Show Review: Teenage Bottlerocket and The Flatliners at Unit, Southampton

Show Review: Teenage Bottlerocket and The Flatliners at Unit, Southampton

What? Teenage Bottlerocket AND The Flatliners playing together in a 150 capacity venue? I don’t believe you, those bands could pull a bigger crowd too easily.

It happened. It happened and it rocked my face clean off. This caliber of show is quite rare in England, as the big bands from overseas usually need to play larger venues to justify their travel costs. Because of some big festival appearances they happened to be both be in the UK so the guys behind Wrong Way Round Promotions did a bit of wizardry and got them both for our viewing pleasure on the 26th of August, 2011.

Check out my review of the show right here.

The three local support bands rose to the task of opening for such huge headliners, although playing to an unresponsive audience for the most part. First up were 8-Bit Bear, playing punk with a slight folky edge to it. The room was still fairly empty at this point but they played a tight set of good music. Considering they’re an extremely new band and only have a handful of shows under their belt they showed a lot of potential.

The Rocco Lampones are a three-piece energetic, fast punk band. They played to a quickly filling room and definitely acquired some new fans. They’re well suited for this line-up, blasting through each two-minute-long song with reckless abandon. They aren’t really doing anything new or different but they’re a fine example of a ballsy punk band that you can see a whole bunch of times without getting bored. I can say this with a certain amount of authority as I’ve seen them three times in as many weeks and last night was still enjoyable as hell.

You Me and the Atom Bomb rocked it as the main support. They’ve got a whole load of experience, having played the Fest twice and completed European and American tours. They played to a now packed room and managed to illicit a bit of movement from the crowd. They built the excitement for the night and screamed through their 25 minute set with old favorites and some very promising new material. They’ve got a real passion for their music and it shows, they’re doing it because they enjoy it, not for any sort of financial gain. I like that.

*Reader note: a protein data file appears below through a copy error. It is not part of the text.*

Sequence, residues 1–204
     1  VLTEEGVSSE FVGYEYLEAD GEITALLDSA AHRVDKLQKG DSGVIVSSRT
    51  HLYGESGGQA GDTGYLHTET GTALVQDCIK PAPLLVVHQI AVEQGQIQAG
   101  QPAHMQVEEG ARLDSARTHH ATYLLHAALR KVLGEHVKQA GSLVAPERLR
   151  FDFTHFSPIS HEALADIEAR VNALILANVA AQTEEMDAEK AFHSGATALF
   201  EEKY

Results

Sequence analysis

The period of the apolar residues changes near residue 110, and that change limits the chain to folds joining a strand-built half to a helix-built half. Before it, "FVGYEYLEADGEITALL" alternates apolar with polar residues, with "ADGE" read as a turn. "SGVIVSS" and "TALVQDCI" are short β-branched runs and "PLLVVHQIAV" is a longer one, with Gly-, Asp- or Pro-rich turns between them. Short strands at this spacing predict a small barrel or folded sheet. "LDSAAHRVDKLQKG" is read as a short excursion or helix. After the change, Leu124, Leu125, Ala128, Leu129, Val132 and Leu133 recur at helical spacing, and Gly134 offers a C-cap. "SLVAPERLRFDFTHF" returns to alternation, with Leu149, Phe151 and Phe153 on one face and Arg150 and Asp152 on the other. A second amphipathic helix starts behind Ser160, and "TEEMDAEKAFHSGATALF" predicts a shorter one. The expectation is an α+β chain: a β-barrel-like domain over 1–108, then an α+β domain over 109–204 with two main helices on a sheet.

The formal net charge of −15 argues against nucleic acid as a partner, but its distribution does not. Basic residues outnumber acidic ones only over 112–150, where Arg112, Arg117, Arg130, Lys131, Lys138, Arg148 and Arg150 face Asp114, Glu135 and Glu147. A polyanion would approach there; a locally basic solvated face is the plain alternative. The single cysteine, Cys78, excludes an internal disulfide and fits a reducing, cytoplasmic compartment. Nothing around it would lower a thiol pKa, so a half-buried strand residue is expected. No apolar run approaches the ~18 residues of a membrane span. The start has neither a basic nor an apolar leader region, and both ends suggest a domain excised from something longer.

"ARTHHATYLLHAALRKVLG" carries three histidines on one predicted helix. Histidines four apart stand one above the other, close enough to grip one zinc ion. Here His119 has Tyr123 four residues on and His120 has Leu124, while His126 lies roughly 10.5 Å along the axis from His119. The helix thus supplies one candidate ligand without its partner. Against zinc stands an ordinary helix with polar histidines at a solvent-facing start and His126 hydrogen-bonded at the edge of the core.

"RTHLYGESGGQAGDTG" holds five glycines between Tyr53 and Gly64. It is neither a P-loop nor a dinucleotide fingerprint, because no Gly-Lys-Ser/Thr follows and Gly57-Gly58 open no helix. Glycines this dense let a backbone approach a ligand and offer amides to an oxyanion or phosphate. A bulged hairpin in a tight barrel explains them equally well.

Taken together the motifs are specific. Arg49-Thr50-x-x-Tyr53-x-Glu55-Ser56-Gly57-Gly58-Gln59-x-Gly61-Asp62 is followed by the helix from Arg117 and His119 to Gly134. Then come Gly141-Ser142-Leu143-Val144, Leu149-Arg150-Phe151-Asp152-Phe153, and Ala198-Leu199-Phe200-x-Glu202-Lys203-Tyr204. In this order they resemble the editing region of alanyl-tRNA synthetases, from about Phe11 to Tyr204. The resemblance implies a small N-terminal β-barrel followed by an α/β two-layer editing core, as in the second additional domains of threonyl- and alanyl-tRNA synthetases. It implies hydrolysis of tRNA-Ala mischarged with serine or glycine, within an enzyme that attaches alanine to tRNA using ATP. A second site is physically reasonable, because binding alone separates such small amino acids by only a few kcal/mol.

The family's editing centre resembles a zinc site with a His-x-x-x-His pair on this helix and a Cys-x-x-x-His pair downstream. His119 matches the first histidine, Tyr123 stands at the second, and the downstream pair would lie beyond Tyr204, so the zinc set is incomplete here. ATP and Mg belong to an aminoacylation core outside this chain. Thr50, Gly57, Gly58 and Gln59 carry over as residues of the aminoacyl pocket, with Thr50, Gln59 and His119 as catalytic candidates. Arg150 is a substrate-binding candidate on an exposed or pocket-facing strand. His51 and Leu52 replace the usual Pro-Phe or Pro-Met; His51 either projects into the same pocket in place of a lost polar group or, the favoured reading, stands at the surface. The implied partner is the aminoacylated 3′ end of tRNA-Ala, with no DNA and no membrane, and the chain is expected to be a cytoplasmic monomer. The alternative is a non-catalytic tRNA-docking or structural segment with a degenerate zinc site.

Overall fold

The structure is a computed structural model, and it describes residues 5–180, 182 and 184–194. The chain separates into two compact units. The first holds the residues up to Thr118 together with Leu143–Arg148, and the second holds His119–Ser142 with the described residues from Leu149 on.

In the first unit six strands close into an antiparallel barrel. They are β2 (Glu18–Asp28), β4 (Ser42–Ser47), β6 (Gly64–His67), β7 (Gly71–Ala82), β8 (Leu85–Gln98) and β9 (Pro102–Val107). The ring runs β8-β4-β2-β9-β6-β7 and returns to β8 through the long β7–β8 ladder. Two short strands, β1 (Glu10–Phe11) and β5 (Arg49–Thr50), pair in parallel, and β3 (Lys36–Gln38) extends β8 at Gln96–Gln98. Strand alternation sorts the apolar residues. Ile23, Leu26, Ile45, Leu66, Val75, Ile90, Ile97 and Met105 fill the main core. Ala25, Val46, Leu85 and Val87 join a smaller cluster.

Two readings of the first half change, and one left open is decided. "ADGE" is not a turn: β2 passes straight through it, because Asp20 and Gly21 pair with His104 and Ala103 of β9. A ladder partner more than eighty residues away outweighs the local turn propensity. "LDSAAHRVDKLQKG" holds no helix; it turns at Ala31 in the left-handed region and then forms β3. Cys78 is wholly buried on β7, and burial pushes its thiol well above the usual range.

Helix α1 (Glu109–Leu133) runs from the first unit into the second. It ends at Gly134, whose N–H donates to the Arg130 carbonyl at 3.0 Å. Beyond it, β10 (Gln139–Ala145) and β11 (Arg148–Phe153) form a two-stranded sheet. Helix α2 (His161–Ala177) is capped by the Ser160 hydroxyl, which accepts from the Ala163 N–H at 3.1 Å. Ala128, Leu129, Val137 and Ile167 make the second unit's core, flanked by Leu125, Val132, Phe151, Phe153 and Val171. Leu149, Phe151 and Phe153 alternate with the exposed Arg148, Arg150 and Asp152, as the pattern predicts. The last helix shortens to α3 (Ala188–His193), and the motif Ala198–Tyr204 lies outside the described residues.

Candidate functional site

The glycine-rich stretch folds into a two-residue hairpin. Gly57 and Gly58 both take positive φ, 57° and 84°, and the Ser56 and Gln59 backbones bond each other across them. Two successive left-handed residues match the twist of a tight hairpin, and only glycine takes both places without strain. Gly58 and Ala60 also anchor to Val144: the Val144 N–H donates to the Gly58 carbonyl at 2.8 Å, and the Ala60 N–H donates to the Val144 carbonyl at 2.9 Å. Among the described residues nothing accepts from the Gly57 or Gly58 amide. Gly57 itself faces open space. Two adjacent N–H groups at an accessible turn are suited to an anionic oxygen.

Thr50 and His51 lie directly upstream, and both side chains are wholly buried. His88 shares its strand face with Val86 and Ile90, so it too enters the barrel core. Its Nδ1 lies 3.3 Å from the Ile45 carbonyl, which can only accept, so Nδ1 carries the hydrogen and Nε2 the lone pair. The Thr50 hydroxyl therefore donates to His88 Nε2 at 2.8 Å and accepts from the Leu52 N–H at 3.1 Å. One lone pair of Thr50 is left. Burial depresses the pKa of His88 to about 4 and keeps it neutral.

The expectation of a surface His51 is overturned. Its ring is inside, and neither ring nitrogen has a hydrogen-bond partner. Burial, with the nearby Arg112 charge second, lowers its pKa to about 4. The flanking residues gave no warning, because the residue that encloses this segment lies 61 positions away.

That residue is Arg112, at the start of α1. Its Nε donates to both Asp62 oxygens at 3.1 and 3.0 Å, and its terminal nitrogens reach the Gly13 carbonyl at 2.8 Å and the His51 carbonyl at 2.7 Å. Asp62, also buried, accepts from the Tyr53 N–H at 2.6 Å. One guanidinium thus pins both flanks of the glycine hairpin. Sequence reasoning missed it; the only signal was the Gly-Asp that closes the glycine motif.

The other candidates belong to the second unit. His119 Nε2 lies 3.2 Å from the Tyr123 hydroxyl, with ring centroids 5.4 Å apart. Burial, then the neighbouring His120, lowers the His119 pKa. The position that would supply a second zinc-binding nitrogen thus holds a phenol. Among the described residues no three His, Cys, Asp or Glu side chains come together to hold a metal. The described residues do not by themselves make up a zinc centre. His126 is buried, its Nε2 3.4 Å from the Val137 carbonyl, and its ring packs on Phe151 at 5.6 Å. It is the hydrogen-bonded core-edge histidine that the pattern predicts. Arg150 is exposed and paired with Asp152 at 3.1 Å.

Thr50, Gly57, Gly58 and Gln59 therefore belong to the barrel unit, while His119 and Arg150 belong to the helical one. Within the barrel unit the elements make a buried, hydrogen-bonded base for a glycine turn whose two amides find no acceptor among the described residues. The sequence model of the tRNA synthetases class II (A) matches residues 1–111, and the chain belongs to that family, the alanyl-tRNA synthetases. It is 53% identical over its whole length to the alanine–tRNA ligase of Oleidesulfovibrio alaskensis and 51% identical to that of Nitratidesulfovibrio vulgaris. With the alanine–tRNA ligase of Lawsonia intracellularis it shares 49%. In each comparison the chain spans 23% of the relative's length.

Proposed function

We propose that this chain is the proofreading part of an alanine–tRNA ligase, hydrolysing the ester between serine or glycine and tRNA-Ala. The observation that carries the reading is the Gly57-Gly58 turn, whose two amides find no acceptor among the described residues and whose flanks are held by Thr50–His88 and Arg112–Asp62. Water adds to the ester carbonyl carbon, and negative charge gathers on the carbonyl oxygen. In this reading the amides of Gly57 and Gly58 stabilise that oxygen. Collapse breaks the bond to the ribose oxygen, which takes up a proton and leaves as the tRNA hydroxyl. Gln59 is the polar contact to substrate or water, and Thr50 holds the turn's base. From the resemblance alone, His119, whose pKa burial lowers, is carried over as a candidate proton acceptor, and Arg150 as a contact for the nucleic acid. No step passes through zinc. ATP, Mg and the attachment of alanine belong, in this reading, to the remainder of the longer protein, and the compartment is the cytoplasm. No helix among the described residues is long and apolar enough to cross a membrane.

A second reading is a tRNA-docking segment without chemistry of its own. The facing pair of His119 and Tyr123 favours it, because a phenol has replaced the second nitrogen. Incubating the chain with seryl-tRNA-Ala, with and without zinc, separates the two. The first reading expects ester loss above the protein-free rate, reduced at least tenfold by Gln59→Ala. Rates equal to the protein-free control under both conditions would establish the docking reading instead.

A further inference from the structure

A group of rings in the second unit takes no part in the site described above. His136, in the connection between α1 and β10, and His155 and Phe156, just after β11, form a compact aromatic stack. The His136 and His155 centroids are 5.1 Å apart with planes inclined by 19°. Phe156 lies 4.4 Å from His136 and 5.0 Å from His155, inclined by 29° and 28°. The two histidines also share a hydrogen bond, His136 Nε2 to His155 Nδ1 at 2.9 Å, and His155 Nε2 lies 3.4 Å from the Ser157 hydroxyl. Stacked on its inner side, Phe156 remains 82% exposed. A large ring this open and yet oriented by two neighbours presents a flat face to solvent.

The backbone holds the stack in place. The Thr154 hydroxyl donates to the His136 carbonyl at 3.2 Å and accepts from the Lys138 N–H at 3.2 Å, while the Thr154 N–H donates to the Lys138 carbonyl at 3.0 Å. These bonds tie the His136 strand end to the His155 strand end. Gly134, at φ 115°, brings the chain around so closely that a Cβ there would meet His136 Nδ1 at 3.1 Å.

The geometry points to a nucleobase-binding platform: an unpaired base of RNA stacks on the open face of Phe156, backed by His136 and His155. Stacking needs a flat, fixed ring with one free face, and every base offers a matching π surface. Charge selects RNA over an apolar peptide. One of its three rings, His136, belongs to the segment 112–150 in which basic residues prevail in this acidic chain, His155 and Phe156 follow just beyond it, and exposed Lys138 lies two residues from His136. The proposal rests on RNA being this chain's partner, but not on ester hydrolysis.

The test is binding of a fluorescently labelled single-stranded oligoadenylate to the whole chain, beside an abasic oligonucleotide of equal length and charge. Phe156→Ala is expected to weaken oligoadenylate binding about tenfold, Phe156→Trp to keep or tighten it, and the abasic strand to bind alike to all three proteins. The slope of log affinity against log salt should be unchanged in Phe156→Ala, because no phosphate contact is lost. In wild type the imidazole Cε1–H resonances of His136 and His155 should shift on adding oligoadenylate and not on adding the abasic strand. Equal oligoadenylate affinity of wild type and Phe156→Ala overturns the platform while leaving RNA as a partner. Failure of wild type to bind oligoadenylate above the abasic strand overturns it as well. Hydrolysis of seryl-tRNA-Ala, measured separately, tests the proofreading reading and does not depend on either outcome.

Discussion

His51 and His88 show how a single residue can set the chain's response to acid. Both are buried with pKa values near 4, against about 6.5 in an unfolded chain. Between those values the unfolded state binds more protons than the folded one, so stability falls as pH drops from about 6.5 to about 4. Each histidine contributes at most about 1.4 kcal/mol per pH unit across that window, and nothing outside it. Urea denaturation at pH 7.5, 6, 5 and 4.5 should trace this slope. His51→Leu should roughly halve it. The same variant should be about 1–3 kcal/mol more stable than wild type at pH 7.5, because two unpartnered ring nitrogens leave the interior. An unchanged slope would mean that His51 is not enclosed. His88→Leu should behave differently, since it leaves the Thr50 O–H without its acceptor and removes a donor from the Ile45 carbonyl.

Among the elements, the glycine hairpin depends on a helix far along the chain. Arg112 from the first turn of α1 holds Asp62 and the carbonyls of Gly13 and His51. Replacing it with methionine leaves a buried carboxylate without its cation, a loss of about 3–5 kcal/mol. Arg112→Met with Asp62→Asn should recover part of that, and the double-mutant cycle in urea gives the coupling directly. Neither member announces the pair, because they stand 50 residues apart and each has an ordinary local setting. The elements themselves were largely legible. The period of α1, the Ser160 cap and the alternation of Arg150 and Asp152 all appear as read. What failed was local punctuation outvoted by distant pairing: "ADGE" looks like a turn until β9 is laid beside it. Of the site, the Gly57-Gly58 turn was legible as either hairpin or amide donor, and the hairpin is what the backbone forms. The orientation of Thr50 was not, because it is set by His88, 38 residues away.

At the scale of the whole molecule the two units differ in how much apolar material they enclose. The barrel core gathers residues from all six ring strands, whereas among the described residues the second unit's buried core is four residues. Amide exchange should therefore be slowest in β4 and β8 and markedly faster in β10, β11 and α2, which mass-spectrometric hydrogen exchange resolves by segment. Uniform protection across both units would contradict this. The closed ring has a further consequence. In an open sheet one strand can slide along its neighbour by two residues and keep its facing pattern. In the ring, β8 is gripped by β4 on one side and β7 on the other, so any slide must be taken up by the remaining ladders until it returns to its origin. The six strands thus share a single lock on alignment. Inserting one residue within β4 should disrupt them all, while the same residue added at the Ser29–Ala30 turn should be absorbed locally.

Shit went down when The Flatliners started playing. The atmosphere in the room was intense and there was a look of expectant fear on the solitary security guard’s face. There was barely enough room to breathe and a chunky guy that thought it’d be a good idea to dominate the pit after taking his shirt off added a feeling of sweaty danger. He kept it up for the rest of the night, honestly I was jealous of his stamina.

Due to the genre-spanning nature of The Flatliners the dynamic of the room would change from song to song. Their earlier ska material had people skanking amongst the push pit whereas the more recent melodic hardcore style had fists in the air and shout-alongs to the choruses. An impressive human pyramid broke out at one point to the obvious glee of the front man. A line of girls had fought their way to the very front of the stage in order to see the band and they didn’t flinch at the battering they took from being pushed in to the stage and monitors about every five seconds.

Possibly the most exuberant reaction was to “Count Your Bruises”, a highlight of their album “Cavalcade” out on Fat Wreck earlier this year. I could feel the floor bending to the beat and as it’s an upstairs room was slightly worried for my safety, although that was hardly a priority at the time. They closed their 40 minute set on “Eulogy” and I think it’s safe to say that that moment will always be remembered, it will be celebrated.

Teenage Bottlerocket dominated and destroyed everyone and everything in their path. Opening with a rousing “Skate or Die” the crowd took notice immediately. The music drew the smokers and other absentees back inside and shit got real. Really real. The heat was getting close to unbearable and you could smell everyone around you. Surprisingly, this is a good thing. There’s something special about being knocked about by a whole bunch of sweaty punks, especially if you’re being blasted in the face by the most fun of fun skate punk.

“Skate or Die” melted into “Radio” which turned into a face-ripping rendition of “Bigger Than Kiss”. The stage presence was phenomenal and incredibly entertaining. At one point the crowd was separated in order for the singer to run down into it, catch and throw back the drumstick hurled at him from behind the drums. It was impressive to say the least if a touch anti-climactic (in an amusing way). The most tiring part of the set was when they requested that the crowd pogo for the entirety of “Bottlerocket”. The song’s only about 30 seconds long but it took all of my determination and remaining energy to carry it on until the end.

The set list was comprehensive, to put it lightly. They played songs from their whole back catalog, and even threw in a rendition of “Codename: Peabrain” by The Lillingtons, front-man Kody Templeman’s old band. They somehow managed to cram in about 14 songs into an hour long set, quite an accomplishment even if they are all short. Towards the end of the set the music started to drag a bit but the way the band and crowd fed off each other’s energy kept it exciting until the end. This was one of those events I would hate myself for missing. If everyone had experienced a Bottlerocket live show I have no doubts that they would be bigger than Kiss.

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